Villa on a long and winding road

Dave Woodhall reports as Villa go down 2-1 at Norwich.

Part two of the Dean Smith revolution took us to the wilds of East Anglia and another significant test of the new manager’s credentials. Getting a result at a packed Villa Park on a pleasant Saturday afternoon is one thing; doing it on a Tuesday night away to a side already in the top six promised to be a more difficult prospect altogether.

I’ve always said that there’s not much wrong with the players brought in by Steve Bruce, just with the way he used them and a starting line-up with just one enforced change from the team that won three days earlier promised to give a good indication of how much depth there is to a squad that’s still the most expensive in the league.

Villa started brightly and were worth the lead that came when James Chester headed home from a Conor Hourihane corner. It could have been more, with several chances missed, the closest seeing Tammy Abraham hitting the post, but as half-time loomed the home side were starting to get their game together. Then came the few minutes that decided the match, Albert Adomah and Tammy Abraham going off injured and Norwich equalising within seconds.

Villa were noticeably rattled and it was no great shock when they went behind from yet another defensive error. I can well imagine John Terry’s reaction to that, both after the match and at Bodymoor during the rest of the week.

And that was it. Villa dropped into the bottom half of the table, but still well in contention. It would be harsh to draw too many conclusions from the evening’s performance given the substitutions Dean Smith was forced to make. Bringing Scott Hogan on for Abraham proved a mistake, although in the circumstances it was hardly surprising that the new manager chose to give a chance to the player he knows best from those available. Equally, it seemed strange not to be able to call on Yannick Bolasie from the bench. But, early days for the manager and at least he now knows the problems that face him in certain areas.

Villa’s defence is still a shambles, although Axel Tuanzabe is proving the point I made earlier about Bruce signing decent players without any idea how, or where, to play them. But in the final analysis there are too many under-achievers who should be taking games by the scruff of the neck – Jack Grealish, this means you – when the situation demands rather than drifting in and out as the mood suits.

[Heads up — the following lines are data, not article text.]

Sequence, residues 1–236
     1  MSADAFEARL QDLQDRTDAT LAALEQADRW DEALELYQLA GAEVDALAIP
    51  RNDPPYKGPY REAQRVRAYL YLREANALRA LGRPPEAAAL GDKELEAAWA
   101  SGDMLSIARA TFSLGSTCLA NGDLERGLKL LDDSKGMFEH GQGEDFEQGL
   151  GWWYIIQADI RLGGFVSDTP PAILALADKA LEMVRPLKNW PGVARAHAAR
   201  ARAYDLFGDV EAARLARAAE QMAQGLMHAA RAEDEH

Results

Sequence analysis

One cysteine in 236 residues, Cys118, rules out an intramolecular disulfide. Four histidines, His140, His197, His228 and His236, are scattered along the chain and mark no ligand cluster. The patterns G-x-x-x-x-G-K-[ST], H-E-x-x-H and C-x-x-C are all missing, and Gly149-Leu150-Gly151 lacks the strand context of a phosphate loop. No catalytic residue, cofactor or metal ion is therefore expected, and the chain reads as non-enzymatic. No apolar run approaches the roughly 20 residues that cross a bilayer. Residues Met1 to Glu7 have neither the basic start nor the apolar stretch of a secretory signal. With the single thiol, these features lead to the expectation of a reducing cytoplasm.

As always, this division soon gives a chance to get over disappointment, with a visit to Loftus Rd on Friday night. Defeat is never easy to take but the setback at Carrow Rd will be almost worthwhile if manager and team learn from it. If they show that they can, it will be a massive improvement on what’s gone before.

One thought on “Villa on a long and winding road

  1. Villa’s performance against Norwich must have looked very familiar to Dean Smith, if he had time to recall Brentford’s draw at Villa Park back in August. The same pattern unfolded but the result was much worse. Villa looked better than Norwich for several periods in the opening half-hour and to use the modern parlance, recycled the ball nicely enough but didn’t create much and it seemed fortuitous that Chester scored from the corner which resulted from some typically sloppy attacking play on the edge of the Norwich box. Norwich looked more familiar with the passing game than Smith’s men but Villa reached half-time looking resolute, with Tuanzebe having his best game so far in a Villa shirt. The second-half resumed and within minutes Adomah got a knock on the knee, which was quickly followed by Tammy Abraham getting a kick in the head, and they were both withdrawn, being replaced by El Ghazi and Hogan respectively. Rhodes scored Norwich’s equaliser from the corner delayed by the arrival of Hogan, and Villa reverted very much to their familiar second-half selves, which had rubber-stamped Bruce’s departure. Villa’s intensity dropped and some dithering on Villa’s right allowed the cross which Rhodes poked home for the match-winner. With their noses in front Norwich dug in on the edge of their penalty area in the confident belief that Villa wouldn’t create much and the rest of the game justified that assumption. Given more space Grealish got more time on the ball but didn’t create anything of note and Hogan’s performance was a reminder of his years in the lower leagues. Kodjia was allowed a few minutes after replacing Hourihane but Villa failed to add to their single shot on target. It was all too miserably familiar. Villa have some good players and some very ordinary ones, but they don’t have a team as yet.

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